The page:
Let’s start by throwing away the trigger phrases "finding balance" and "we can have it all."
Perhaps you can do these things, but honestly, that needs to be determined on a case-by-case basis. When it comes to your self-employed hustle in Asheville, the same answer does not hold true for everyone. That being said, I would love to share some of my experience and tips with you on how to make your small business your full-time livelihood (if you want that!) and stay sane as a creative, maker, or artist in a town that we all love ...but that certainly has its own unique set of challenges.
1. Protect yourself from the “working 24/7” burnout.
I put my phone away after dinner 90% of the time to allow my brain to clear. Since my phone connects me to Instagram, Facebook, and email, the lines are blurred between work and play/relaxation.
Accepting that Instagram (for example) is equal parts work and play for me, I decide to stay away from it altogether when I need a work break, because the boundary is too blurry (because, for instance, I could be scrolling for fun and then get 2 DMs about potential sessions).
Personally, I’ve tried to accept only 2 shoots per week. As a self-employed photographer, I have found that understanding my working capacity affects everything else in my life in a positive way. It also gives me structure and familiarity.
By giving myself this work rhythm, I know there are days every week when I can focus on admin tasks or editing or having a full day off. It’s when I overcommit myself and agree to 3, 4 or 5 shoots in a week that everything else starts to fall behind, and I feel really overwhelmed. What boundaries can you create that will have a positive domino effect elsewhere?
3. Earning money, supporting yourself and feeling secure financially is important.
Don’t be ashamed of that, and don’t force yourself to let go of part time work before you or your business is ready. Release yourself from judgment about working on your art OR having a side gig. Both are important, and both are fueling your future. Accept the situation you’re in, and embrace it for all it is. I worked a second job up until 2 years ago, and I firmly believe it’s the only reason I got to where I am today.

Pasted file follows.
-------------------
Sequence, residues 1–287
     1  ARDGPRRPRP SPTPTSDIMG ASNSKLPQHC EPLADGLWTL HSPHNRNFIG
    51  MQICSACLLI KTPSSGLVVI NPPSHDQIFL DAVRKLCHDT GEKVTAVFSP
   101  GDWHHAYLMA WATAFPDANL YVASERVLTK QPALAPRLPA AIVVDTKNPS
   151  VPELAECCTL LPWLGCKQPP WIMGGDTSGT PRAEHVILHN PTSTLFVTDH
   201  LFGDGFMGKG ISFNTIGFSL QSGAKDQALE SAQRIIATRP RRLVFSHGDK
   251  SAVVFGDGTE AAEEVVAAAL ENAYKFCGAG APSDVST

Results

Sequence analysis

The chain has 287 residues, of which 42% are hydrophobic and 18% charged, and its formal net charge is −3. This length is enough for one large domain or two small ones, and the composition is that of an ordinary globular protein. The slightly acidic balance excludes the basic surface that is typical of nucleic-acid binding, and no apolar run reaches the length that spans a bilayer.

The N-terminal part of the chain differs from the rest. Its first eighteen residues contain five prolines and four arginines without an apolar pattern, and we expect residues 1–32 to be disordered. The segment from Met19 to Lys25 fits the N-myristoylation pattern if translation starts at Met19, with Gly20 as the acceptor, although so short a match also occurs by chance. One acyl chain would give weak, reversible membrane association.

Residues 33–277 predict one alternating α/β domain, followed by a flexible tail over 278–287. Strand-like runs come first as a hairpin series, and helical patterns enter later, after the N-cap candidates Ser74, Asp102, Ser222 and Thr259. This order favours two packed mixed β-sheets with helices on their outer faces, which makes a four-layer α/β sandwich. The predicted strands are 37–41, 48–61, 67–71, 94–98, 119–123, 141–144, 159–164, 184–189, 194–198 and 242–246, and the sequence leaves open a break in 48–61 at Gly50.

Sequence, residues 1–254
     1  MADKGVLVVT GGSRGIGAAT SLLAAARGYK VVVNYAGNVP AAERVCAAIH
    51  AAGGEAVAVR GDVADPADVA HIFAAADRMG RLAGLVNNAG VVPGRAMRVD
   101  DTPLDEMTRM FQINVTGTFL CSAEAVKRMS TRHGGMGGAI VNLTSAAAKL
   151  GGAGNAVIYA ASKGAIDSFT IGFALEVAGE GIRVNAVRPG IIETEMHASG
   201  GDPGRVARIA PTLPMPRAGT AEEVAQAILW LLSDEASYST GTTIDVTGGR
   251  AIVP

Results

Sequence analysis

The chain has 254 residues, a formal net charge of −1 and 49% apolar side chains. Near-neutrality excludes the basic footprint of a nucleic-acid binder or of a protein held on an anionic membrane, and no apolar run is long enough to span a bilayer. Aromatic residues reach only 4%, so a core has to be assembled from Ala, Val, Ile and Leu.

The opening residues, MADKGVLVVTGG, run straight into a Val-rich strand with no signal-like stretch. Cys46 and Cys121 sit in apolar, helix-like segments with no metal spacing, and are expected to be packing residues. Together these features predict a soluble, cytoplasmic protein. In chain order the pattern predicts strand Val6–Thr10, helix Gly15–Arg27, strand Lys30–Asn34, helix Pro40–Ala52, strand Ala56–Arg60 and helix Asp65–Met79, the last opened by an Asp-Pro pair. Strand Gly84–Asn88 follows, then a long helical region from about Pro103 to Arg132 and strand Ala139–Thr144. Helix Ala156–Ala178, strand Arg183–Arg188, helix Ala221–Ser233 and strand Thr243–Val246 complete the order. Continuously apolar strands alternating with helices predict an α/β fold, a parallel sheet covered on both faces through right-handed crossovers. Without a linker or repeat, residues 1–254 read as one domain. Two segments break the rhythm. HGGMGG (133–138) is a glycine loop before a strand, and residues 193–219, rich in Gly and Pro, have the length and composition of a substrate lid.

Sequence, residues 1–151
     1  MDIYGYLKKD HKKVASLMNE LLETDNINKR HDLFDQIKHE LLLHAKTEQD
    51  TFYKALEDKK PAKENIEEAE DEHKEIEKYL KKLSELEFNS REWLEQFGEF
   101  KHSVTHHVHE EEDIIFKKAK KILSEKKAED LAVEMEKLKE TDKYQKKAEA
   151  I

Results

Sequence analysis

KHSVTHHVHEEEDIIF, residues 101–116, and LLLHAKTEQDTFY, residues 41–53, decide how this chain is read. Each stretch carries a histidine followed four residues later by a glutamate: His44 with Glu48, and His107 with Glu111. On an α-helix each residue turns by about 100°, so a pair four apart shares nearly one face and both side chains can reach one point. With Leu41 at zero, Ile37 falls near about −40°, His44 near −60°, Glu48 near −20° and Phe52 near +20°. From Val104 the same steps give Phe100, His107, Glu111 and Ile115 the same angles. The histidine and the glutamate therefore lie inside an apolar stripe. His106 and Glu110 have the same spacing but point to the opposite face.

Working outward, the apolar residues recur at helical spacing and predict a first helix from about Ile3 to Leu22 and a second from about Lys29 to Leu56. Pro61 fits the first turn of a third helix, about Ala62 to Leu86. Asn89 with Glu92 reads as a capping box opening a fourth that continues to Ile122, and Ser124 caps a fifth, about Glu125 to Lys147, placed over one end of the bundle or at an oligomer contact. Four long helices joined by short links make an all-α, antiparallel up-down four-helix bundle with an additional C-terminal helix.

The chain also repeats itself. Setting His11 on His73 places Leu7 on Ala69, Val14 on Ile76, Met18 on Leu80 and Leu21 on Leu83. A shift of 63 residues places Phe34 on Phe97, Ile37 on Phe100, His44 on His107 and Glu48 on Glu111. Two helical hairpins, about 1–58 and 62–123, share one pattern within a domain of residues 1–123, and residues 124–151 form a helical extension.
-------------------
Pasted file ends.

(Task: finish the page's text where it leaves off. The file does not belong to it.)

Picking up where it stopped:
4. Being discerning and knowing your bandwidth.
Unfortunately, sometimes you have to say no to some things in order to say yes to others. Are you talented and wanted, but refuse to turn down offers for fear of missing out or disappointing? In saying yes too much, do you overextend or sabotage yourself? If this sounds like you, my best recommendation is to read Essentialism by Greg McKeown - a recent fave business-yet-lifestyle book.
Here’s an example of mitigating your self-employed hustle: There’s a high expectation for you to make homemade cookies for your daughter‘s elementary school bake sale, and you would love to do it. It sounds fun and you wish you had a free afternoon to really enjoy that activity... but the only afternoon you have available this week really needed to be devoted to your work on a commissioned piece of art. So, maybe you decide to focus on the commissioned work, because you have a deadline and someone is paying you. Then, you can buy premade cookies from Whole Foods, Short Street, or Ingles. It’s about making that decision and letting yourself be OK with whatever decision you make.
5. Know your rhythms.
I know a few people who light up right around 9 PM and start having all kinds of inspirational ideas and energy to really work on their side gig/art/whatever. Some of us feel that jolt in the morning. Understand how your rhythms and natural energy works, then do your best to build around that. Of course, that’s not always possible and we have to be flexible, so that we can tend to other responsibilities as professionals, parents, or community members. Simply start by observing your natural tendencies and trying to make yourself available to them.
There’s no secret to becoming a self-employed hustler, but giving yourself the routines and habits to induce creative productivity will go a long way. And once you’re productive, it’ll show up in your experience. You’ll build a portfolio and/or track record of success. Then, with a little focused effort in self care and setting boundaries, you’ll build a sustainable foundation and hopefully, you’ll avoid the dreaded “burn out,” too. Eventually, you will find yourself in a place where you are doing the thing that is so close to your heart, and getting paid to do it, with only yourself as your boss. And that, my friends, is fulfillment.